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Walking Our Faith: The unexpected benefits of chocolate-covered doughnuts

Suzanne Elizabeth Anderson
Walking Our Faith

I’ve begun attending 8 a.m. Mass at St. Mary’s on Sunday mornings. If you’d told me a year ago that I’d be doing this, I would have laughed because I’ve never been a morning person.

On a recent phone call, I told Mom I began going to the 8 a.m. Mass because Ken brought doughnuts from Daylight Donuts along with freshly made coffee.

I’ll do just about anything for a chocolate covered doughnut or two.



Attending 8 a.m. Sunday Mass is a natural outgrowth of attending 8 a.m. Mass on Tuesdays, Thursdays and Fridays, which is again something that I never thought I would find myself doing. Again: Not a morning person.

But I’ve discovered that if there’s a good reason, I’ll get up. In this case, my good reason is I really enjoy Mass, even four early mornings a week.



Perhaps more surprising for an introvert like myself is that I came for the chocolate-covered doughnuts but stayed for the community. There’s always a small group that hangs around after Mass. Fellowship is the term Mom would use.

After a year of attending church services online, speaking in person with friends I’ve only seen through a computer screen feels like a breath of fresh air. That got me thinking about the importance of community and wondering how our online worship services might evolve as we move back to in-person services.

For the past year, I’ve attended a daily evening prayer group at 5 o’clock via Zoom. This Friday, for the first time, we will meet in person for evening prayer and adoration at Our Lady of Peace in Silverthorne, followed by a social hour.

We’re hoping to continue this in-person gathering monthly and will continue to meet online the rest of the week because our group includes people from as far away as Kremmling and Blue River as well as parishioners who have moved to other parts of the country over the past year.

The other morning, I was talking to my friend Pat and said I would be perfectly happy if I had to leave the house only to go to Mass, work and the grocery store. I am happy as a clam when I am close to home with my dogs, my knitting and my books. But that’s not very healthy. Loneliness is an insidious weed that can choke the joy out of our lives, especially for those of us who live alone, struggle with depression or are mourning the loss of a loved one — all of which can leave us feeling isolated, even when we attend religious services online.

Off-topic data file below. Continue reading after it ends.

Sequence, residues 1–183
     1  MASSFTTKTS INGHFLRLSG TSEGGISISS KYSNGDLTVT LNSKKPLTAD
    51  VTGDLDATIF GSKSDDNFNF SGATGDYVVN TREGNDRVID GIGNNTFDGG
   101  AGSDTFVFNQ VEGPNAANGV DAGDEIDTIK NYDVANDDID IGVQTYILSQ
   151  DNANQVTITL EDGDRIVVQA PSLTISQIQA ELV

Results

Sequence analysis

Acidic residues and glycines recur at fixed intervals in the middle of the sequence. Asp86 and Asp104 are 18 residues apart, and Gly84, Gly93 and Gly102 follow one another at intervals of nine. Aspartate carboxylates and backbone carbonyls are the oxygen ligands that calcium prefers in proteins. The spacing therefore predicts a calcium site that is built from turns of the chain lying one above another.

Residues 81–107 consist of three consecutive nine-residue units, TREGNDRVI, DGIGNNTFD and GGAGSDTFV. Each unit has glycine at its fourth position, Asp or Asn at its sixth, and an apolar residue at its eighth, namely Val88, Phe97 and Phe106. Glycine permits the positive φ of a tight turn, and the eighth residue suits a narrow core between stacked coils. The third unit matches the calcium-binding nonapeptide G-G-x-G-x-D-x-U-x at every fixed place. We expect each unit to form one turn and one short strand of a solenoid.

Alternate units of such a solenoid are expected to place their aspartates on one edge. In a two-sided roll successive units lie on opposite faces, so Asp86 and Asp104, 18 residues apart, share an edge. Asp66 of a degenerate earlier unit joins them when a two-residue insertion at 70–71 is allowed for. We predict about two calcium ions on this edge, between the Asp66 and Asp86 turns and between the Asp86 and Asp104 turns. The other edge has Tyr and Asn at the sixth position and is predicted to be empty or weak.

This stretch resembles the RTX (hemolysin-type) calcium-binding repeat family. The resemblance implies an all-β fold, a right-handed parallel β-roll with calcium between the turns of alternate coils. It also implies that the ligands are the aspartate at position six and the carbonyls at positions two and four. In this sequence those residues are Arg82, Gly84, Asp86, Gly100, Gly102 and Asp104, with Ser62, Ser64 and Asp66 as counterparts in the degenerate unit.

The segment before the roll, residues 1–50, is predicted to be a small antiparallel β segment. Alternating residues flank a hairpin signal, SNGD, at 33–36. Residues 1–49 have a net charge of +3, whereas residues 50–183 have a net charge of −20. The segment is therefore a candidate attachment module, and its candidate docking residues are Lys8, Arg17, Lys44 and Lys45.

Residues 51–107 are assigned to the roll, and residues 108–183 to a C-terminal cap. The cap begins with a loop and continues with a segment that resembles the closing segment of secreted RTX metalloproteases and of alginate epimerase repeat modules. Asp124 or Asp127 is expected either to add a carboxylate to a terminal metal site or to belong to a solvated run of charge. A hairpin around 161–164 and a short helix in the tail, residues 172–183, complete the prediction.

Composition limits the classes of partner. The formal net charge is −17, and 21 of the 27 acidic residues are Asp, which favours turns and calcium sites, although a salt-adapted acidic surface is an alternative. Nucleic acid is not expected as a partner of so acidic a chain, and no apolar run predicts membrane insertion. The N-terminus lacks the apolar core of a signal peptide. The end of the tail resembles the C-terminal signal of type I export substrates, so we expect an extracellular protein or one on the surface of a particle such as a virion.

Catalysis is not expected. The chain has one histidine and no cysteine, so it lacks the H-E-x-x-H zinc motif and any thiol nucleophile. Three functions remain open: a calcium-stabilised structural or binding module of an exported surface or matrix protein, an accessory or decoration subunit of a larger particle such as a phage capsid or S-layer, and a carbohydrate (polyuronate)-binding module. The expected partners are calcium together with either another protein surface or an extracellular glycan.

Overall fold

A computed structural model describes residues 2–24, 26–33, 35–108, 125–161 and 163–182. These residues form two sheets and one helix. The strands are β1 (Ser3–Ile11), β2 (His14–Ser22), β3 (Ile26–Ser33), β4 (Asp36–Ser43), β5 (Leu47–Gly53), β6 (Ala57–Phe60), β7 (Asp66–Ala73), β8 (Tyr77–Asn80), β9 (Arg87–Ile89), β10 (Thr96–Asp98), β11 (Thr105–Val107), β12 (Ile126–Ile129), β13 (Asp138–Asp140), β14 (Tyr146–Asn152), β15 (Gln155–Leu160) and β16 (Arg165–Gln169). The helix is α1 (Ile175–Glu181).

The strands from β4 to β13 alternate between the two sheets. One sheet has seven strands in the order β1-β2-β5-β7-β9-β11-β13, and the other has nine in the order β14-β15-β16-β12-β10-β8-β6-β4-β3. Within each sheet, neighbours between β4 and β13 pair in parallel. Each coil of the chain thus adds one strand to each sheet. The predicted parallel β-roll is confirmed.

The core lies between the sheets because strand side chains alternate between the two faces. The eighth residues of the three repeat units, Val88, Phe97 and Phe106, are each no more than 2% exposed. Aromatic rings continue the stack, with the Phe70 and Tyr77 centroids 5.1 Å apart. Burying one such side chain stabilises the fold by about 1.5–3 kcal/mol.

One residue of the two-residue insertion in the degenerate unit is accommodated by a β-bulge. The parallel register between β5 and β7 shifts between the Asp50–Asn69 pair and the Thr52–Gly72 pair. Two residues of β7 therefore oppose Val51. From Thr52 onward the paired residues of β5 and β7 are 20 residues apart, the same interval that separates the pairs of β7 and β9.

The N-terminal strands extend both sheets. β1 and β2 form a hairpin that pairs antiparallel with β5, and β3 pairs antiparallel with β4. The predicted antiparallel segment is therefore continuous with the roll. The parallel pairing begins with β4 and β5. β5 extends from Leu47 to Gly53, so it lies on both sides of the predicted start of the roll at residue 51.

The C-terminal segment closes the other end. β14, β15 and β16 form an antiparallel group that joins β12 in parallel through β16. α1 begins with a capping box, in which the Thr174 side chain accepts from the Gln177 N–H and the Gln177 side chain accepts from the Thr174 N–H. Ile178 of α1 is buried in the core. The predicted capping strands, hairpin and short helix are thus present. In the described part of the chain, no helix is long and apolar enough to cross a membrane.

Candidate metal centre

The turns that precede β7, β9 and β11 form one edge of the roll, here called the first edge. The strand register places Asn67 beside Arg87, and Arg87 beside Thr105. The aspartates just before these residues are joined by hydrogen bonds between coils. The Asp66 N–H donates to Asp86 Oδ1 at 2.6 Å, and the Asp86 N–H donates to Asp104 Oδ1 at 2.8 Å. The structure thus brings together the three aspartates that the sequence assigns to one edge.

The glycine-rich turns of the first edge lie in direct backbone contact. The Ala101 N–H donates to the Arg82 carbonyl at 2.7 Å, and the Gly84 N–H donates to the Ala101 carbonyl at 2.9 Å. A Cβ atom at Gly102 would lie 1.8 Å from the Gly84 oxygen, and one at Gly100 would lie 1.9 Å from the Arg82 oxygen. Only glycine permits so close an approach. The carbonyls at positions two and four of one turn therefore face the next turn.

Last Tuesday, I dropped in on my friend Larry’s online Bible study and encountered friends I hadn’t seen in a year, friends who are currently living in Texas, Ohio and Florida. Zoom allows Summit’s seasonal residents to become year-round participants in our spiritual communities.

Perhaps we will create a hybrid approach of meeting online and in person, especially for weekday services. This will make it easier to combine the fellowship of in-person services with the convenience of online services for parishioners who are far-flung, homebound or have work commitments.

I have discovered, thanks to chocolate-covered doughnuts after Sunday morning Mass, that I need my spiritual community. Loving God and growing in my relationship with God is something I mostly work on in solitude. Now I understand that the fellowship of other people is as important to my spiritual journey as my private prayers and time alone with God.

Seeing Maggie and Barb, both in their 80s, laughing together on a bench last Sunday after Mass while enjoying the sun and each other’s company, getting book recommendations from Father Stephen, laughing with my friend Larry about my questionable singing voice for the Psalms — these are the spontaneous moments which bind us together as a spiritual community and help us to remember one another with greater insight when we pray.

The Bible says that when two or more are gathered together, God is with us. I believe this applies not only when we are in formal worship and prayer but also when we share our informal moments of fellowship. These create the memories that remind us we are not alone; we are part of the larger body of Christ.

I’d love to hear how your faith community is approaching the question of online and in-person worship. Please write me at the email address below.

From the Gospels

“Two people are better off than one, for they can help each other succeed. If one person falls, the other can reach out and help. But someone who falls alone is in real trouble. Likewise, two people lying close together can keep each other warm. But how can one be warm alone? A person standing alone can be attacked and defeated, but two can stand back-to-back and conquer. Three are even better, for a triple-braided cord is not easily broken.” — Ecclesiastes 4:9-12

I’m reading through the Gospels this year. This week, I’m reading the Gospel of St. Mark chapters 1-2. Won’t you join me?


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